Giving birth to and raising a child in a foreign country can be daunting. But when that child has a disability, the challenges increase dramatically. For me, it all began when my twins were born fourteen weeks premature in a hospital in Tokushima. Although my son emerged from the NICU (Neonatal Intensive Care Unit) after three months without any noticeable problems, we eventually learned our daughter was deaf and had cerebral palsy.
Because my Japanese husband had a steady job with good insurance coverage as a high school teacher, we didn’t even consider moving to the United States, my native country. However, living far from my family meant that I had little back-up support, and dealing with the endless bureaucracy in Japanese has been a challenge. Nevertheless, we managed to raise our daughter to adulthood—she will turn eighteen this month. She is, for the most part, a healthy and happy young woman, with friends, hobbies and dreams for the future. It hasn’t been easy, but here are some of the things that other mothers of children with disabilities and I have learned.
Trust Your Instincts
Although parents of children with special needs will get plenty of advice from doctors, teachers, therapists and other professionals, no one knows their child better than his/her parents. Former expat Robbie Walker, mother of a daughter with unilateral hearing loss and related learning disabilities, writes: “I received many different diagnoses and opinions over the years about what was the ‘problem’ with my daughter. Even before I received the technical confirming results of the final diagnosis, I knew it was correct from everything I knew and had observed in my daughter. Those who know a child best, know what is best.”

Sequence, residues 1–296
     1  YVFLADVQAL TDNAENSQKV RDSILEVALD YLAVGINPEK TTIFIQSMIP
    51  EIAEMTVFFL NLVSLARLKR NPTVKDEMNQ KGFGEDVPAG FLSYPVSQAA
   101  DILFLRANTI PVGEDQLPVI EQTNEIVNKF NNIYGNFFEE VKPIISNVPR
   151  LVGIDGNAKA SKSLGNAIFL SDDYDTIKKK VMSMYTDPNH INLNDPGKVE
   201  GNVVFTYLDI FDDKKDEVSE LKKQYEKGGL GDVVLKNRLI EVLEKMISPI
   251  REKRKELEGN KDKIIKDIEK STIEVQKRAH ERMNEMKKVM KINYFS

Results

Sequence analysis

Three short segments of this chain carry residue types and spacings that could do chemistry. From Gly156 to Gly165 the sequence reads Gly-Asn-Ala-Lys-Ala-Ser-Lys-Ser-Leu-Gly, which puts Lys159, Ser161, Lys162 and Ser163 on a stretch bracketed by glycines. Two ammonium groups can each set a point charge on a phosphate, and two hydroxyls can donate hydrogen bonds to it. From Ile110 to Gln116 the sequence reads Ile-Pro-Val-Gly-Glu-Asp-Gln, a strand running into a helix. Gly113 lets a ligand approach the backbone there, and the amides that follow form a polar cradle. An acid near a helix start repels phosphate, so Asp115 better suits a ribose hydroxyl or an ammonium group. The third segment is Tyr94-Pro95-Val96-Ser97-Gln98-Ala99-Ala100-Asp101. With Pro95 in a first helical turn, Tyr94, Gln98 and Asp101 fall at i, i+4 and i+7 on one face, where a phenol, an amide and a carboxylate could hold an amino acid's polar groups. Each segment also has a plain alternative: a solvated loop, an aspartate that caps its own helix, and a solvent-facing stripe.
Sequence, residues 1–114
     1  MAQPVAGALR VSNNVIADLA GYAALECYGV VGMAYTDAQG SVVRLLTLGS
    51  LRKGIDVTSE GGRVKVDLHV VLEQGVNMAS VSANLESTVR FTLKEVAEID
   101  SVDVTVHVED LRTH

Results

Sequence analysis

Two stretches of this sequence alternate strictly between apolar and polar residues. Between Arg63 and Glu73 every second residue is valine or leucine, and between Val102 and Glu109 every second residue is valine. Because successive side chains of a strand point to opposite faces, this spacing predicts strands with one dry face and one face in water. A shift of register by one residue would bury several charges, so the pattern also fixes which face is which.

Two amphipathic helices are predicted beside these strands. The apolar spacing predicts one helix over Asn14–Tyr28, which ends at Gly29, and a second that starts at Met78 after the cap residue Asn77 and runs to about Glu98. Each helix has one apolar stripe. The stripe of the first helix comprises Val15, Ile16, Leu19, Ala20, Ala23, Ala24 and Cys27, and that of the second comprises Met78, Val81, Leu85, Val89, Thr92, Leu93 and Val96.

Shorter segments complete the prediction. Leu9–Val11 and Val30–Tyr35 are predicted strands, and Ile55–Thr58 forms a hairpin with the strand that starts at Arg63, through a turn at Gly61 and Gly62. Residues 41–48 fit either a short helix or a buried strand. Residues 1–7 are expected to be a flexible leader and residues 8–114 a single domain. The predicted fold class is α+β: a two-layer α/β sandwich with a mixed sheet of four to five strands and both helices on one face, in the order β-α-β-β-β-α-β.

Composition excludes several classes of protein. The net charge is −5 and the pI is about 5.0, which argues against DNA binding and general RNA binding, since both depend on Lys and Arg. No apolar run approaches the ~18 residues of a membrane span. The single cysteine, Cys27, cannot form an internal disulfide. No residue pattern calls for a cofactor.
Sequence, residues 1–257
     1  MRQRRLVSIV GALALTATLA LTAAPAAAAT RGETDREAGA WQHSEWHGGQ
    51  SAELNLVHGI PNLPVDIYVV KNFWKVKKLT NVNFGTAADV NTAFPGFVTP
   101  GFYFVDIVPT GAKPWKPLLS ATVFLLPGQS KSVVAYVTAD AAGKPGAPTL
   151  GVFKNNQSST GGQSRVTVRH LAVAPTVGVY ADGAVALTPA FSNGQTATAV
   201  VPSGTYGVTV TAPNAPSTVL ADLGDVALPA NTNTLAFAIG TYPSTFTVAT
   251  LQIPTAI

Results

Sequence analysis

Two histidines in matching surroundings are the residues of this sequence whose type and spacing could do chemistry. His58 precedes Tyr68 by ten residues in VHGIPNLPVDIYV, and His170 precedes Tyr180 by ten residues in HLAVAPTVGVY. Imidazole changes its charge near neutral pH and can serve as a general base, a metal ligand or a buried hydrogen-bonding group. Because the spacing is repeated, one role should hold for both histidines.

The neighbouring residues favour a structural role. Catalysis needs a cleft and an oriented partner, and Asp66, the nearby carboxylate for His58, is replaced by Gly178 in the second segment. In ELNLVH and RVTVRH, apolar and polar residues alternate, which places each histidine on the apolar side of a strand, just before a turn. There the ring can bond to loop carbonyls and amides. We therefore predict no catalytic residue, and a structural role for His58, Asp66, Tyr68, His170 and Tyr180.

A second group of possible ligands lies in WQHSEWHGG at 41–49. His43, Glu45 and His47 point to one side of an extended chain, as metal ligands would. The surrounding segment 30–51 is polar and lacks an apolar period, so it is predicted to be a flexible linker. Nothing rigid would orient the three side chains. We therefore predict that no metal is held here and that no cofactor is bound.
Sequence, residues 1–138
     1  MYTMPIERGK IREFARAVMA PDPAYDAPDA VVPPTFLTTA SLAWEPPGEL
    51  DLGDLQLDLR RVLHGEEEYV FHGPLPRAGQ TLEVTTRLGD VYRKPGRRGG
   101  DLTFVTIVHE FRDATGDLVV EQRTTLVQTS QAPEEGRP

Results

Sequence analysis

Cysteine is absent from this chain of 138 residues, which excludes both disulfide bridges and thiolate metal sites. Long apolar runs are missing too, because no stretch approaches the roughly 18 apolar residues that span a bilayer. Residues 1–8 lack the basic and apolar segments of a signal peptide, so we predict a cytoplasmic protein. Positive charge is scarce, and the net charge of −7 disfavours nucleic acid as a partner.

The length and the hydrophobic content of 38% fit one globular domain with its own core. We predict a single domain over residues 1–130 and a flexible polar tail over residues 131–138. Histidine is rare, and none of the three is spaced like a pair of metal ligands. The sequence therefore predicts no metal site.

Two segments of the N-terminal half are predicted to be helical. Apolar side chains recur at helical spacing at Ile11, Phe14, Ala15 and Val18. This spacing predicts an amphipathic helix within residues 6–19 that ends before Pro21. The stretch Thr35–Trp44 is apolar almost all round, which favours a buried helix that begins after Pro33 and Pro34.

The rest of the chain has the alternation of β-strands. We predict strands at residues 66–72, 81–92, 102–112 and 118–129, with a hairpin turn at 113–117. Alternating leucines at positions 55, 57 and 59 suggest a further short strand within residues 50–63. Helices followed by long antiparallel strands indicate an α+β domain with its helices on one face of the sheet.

Ask for What You Need
The squeaky wheel gets the grease. When my daughter’s teachers declared that she would not be getting English lessons at school because she wasn’t on the academic track, and therefore didn’t need to learn English for college entrance exams, I still insisted that they work English into her education. To me, the reasons for teaching her English were evident. She has many English-speaking relatives and often visits the United States. The teachers, however, didn’t recognize the need until I told them how I felt.
Sara Yoshihara, who has a daughter with autism, adds: “Understand that teachers and social workers who are not specialized in helping children with disabilities have quite a low baseline understanding of what support and accommodation is possible and what is necessary. Parents need to be ready to advocate strongly for their child and, if at all possible, identify and enlist the support of a qualified professional.”
Find a Community
Motherhood can be overwhelming in Japan. Not only are we expected to get up at 5 a.m. to make anime characters out of food for our children’s bentos, but we are also the ones who supposedly determine our children’s success (or failure) in life. As Laurel Kamada writes, “My child had some undiagnosed problems, and it was very hard for our family. Japan just tends to ignore the problem and blame the gaijin mother for everything. I have felt guilty of being a poor mother as I could not teach kokugo (native language use) at home very well and my son suffered for it all of the way through school.”
To ease some of the pressure and loneliness, connect with other foreign mothers through organizations such as the Association of Foreign Wives of Japanese or online chat groups. Ask about home helpers and day care services for children with special needs at your local town office. Ask your friends for assistance. And don’t forget to take care of yourself—do yoga, or go for a walk.